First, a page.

The B.P.M Audiophile | March 2017

by • April 28, 2017 • Featured, MusicComments (2)189

Each month brings a lot of new albums. Some are of note, whether they’re good or bad – but you don’t always have time to sort through them yourself. This is where my B.P.M Audiophile steps in to do the work for you! So, let’s look at the newest round-up for Spring releases – I’ve even thrown a playlist together for ya to sample a bit of each album!

You can clock my last B.P.M Audiophile round-up right here.

 The B.P.M Audiophile March 2017

Tei Shi– Crawl Space

B.P.M AudiophileOne of the biggest surprises this month was the debut LP from Argentinian soul-pop artist Tei Shi. With a near perfect album, full of diverse and endlessly intriguing songs she manages to pack the record with pop and abrasive moments for something always fun and never repetitive. Tracks like “Creep” have a glitch-filled, attacking, dark pop to them that takes her silky voice and falsetto and makes something contrasting, and the horn drop is all to satisfying. Between the Melody’s Echo Chamber mood of “Baby,” St Vincent riffs of “How Far” and a style that can only be described as angry Solange meets Kimbra on tracks like “Justify” “Crawl” and “Year 3k” she manages to merge jazz, pop and art-rock into something brutal and beautiful on one of the year’s best releases.

Nelly Furtado – The Ride

While not quite as exciting as Tei Shi’s pop, Nelly Furtado’s new record was a very promising return to form for the long-dormant Canadian pop giant. While her hiatus has left the album without as much single power and risk as most may be wanting there are definitely some bangers on this record. “Paris Sun” brings everything dangerous and fun about a lot of Furtado’s dance-era work, with a modern production to keep it fresh. “Cold Hard Truth” offers up some heavy bass and enticing percussion as well for a great album opener. “Right Road” even brings some of the ugly distortion of St. Vincent in for a track to really intrigue listeners for her next release. But with the majority of tracks not being weak but almost painfully candy it just needs something a little more substantial to earn repeat listens as a whole album.

Goldfrapp – Silver Eye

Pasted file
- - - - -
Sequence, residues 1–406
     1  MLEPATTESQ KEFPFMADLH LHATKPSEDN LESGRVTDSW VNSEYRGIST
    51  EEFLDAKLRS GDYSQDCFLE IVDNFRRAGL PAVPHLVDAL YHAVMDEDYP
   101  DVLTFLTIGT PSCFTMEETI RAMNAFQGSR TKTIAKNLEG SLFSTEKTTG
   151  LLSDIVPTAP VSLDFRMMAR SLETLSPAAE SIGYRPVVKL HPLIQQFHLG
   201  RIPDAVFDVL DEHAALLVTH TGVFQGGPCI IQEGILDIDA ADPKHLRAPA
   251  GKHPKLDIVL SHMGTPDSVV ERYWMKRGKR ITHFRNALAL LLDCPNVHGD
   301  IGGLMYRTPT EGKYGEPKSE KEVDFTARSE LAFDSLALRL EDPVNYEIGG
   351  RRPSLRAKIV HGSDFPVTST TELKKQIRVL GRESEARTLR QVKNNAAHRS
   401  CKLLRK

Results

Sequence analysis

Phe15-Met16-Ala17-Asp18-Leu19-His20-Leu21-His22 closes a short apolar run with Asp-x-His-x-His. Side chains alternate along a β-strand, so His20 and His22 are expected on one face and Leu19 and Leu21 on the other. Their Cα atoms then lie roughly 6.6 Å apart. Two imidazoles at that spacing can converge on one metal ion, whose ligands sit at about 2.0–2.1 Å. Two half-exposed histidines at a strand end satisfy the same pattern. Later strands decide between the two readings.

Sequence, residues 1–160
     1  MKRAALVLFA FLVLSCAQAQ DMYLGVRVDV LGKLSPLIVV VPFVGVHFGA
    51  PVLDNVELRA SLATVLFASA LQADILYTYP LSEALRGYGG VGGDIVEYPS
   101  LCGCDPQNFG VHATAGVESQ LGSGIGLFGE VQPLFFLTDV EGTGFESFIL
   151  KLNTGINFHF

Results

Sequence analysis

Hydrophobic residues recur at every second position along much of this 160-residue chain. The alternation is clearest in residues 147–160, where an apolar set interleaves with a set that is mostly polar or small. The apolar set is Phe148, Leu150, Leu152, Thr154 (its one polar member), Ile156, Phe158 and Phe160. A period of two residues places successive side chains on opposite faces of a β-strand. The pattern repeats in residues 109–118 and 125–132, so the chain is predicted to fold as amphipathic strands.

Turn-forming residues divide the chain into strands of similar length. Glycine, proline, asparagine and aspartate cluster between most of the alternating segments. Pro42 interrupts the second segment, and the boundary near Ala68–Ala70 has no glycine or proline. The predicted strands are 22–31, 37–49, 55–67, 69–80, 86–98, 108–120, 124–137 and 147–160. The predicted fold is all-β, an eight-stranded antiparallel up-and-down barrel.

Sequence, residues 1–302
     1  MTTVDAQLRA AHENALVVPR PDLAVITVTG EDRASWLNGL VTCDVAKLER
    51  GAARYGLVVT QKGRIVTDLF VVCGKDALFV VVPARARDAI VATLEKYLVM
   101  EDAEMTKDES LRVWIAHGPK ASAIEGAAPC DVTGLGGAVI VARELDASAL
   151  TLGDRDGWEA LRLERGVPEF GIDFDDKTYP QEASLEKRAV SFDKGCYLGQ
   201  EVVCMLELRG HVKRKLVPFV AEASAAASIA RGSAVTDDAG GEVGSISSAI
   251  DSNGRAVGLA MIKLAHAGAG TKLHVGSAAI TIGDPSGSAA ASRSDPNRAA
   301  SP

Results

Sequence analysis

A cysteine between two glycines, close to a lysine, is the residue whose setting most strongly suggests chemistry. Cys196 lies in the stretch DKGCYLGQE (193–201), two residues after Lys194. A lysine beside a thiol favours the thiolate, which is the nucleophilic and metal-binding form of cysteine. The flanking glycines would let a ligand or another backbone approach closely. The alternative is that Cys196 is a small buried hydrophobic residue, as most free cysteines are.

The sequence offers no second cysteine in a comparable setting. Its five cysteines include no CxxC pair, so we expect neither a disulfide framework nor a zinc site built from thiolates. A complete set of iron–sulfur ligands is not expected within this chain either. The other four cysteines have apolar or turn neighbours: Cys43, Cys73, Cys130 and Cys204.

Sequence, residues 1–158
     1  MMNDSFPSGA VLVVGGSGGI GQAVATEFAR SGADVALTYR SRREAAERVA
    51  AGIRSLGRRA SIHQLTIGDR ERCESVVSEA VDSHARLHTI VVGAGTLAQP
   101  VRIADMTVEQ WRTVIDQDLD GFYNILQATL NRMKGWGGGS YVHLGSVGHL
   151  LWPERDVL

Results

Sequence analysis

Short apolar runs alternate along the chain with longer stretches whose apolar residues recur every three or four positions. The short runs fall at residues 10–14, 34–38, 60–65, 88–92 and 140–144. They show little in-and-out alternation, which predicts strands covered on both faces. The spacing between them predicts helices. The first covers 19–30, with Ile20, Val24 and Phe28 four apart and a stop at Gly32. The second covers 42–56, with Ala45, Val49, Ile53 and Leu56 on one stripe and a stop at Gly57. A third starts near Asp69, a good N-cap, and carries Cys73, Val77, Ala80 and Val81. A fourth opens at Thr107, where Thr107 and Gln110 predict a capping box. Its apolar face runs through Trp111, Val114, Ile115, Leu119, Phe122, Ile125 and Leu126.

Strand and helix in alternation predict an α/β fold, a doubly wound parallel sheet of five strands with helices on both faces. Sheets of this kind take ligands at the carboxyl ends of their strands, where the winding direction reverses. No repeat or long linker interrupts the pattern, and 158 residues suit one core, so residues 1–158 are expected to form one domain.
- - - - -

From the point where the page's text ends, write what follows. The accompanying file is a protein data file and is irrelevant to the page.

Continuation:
A mixed bag to be sure, this latest release from the British electronic duo can’t decide what it wants to be. Opener “Anymore” comes right out the gate with cutting pop magic, hitting every addictive note without any of the cheap moves of some top 40 hits. “Systemagic” crackles with heavy bass and strange production notes for another great, but somewhat darker pop track that keeps the momentum going strong. As the album hits tracks like “Faux Suede Drifter” or “Tigerman” it goes in a much more ambient and explorative direction, making notably more cinematic sounding songs for the rest of the album with some light pop surges at the end.

Soulwax – From Deewee

Moving to another electronic album, more assertive in what it does is this album from Belgian trio Soulwax. While known for remixes and an appearance in Grand Theft Auto, the band stands on their own quite well. Applying dance and rock attitudes to electronic music for something both pensive and danceable it’s a strong release for the trio, especially the undeniably killer “Is It Always Binary” that manages to hit rock and dance with perfect synchronicity thanks to powerful grooves and one of the best drum sections in anything this year. Other tracks lie “Goodnight Transmission” echoes this idea with more pop, and even “Masterplanned” fits in some great melodies worthy of a pop song. Along with slower tracks, this is a smart album from a smart band that is easy to fall right into.

Depeche Mode – Spirit